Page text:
EPA reduced public health risks from arsenic this week by establishing a new arsenic standard for the nation''s drinking water at 10 parts per billion (ppb), down from the current 50 ppb level.
All 54,000 community water systems, serving 254 million people will be subject to the new standard.
However, EPA estimates that roughly 5 percent, or 3,000 community water systems serving 13 million people, will need to take corrective action to lower current arsenic levels in their drinking water.
The standard will also apply, for the first time, to 20,000 water systems that serve people only part of the year, such as schools, churches and factories.
EPA estimates that approximately 1,100 of these systems serving 2 million people will need to take corrective action.
Water systems in western states and parts of the Midwest and New England that depend on underground sources of drinking water will be affected most by the standard, according to the agency.
In general, arsenic can contaminate drinking water through natural processes, such as erosion of rocks and minerals. Arsenic can also contaminate drinking water when used for industrial purposes.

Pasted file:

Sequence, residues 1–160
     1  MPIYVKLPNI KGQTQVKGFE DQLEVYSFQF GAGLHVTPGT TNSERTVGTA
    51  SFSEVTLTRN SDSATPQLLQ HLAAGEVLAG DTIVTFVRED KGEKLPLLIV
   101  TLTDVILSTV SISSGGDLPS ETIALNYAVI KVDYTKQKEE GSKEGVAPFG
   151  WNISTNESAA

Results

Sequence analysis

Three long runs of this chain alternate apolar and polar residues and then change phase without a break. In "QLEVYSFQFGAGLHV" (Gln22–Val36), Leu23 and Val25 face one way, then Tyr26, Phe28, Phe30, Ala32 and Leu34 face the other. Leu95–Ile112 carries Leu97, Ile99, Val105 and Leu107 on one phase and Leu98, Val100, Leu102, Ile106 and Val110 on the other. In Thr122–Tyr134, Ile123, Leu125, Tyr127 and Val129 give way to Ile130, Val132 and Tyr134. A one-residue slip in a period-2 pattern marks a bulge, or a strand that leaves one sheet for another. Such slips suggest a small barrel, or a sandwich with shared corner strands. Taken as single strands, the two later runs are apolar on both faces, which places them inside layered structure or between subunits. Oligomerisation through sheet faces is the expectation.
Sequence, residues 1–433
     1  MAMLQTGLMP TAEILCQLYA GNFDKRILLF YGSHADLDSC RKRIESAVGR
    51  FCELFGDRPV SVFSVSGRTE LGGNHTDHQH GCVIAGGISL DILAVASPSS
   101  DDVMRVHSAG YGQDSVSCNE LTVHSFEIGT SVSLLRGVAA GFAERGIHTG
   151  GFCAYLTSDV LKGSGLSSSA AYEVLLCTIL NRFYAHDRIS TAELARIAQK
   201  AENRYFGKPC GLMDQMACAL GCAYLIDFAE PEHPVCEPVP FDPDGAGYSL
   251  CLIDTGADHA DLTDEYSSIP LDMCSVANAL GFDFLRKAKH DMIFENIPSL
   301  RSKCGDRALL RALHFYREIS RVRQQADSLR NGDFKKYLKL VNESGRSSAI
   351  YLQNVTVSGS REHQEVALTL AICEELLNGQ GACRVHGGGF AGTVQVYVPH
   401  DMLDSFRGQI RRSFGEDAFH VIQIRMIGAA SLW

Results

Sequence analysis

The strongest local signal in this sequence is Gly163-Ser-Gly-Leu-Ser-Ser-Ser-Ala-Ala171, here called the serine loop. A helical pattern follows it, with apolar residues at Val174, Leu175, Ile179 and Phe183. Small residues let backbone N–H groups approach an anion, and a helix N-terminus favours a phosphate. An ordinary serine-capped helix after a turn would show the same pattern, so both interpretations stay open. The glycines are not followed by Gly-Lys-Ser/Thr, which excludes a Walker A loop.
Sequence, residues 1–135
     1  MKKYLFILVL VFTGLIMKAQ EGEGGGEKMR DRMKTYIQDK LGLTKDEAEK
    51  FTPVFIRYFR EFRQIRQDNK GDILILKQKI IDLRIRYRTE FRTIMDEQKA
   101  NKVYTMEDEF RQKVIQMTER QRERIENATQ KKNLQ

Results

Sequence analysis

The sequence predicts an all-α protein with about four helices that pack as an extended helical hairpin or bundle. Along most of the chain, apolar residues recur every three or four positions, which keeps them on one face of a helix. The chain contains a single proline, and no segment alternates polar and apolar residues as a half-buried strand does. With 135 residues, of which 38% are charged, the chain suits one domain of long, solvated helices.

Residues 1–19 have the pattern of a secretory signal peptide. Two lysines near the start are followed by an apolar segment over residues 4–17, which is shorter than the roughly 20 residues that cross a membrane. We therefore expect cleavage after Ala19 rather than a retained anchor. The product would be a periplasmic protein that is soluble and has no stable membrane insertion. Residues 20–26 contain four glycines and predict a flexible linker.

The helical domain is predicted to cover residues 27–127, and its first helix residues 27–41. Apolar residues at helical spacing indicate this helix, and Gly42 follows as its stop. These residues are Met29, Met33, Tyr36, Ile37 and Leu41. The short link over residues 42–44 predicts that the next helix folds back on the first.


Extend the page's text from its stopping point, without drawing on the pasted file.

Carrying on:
The earlier 50 ppb arsenic standard for drinking water was set by EPA in 1975, based on a Public Health Service standard originally set in 1942.
In March 1999, the National Academy of Sciences (NAS) completed a review of updated data on arsenic and recommended that EPA lower the standard as soon as possible.
EPA estimates that 90 percent of households served by systems needing treatment will have annual costs of $60 or less per household.
The American Water Works Association (AWWA) is concerned that the rule''s massive compliance costs may stymie its public health benefits to the nation.
The new standard reduces the existing standard by 80 percent, but at a cost of $600 million annually and $5 billion in capital outlays that some communities may have trouble financing.
"AWWA has long supported a stronger arsenic standard," said AWWA Executive Director Jack Hoffbuhr. "Water utilities, ratepayers and Congress must now work to ensure that the tougher standard can be implemented in every community impacted by it."
AWWA said that complying with the new standard could cost individual ratepayers in the desert Southwest, Midwest and New England as much as $2,000 a year.
To ease this burden, the association said it is going to initiate efforts in Congress to "procure adequate federal assistance for those communities hit hardest by the requirements of the new rule."
"The rule strengthens public health protection, but at a significant cost," said Hoffbuhr. "With some help from Congress, communities will be able to find the financial balance necessary to promote the health of their residents."
by Virginia Sutcliffe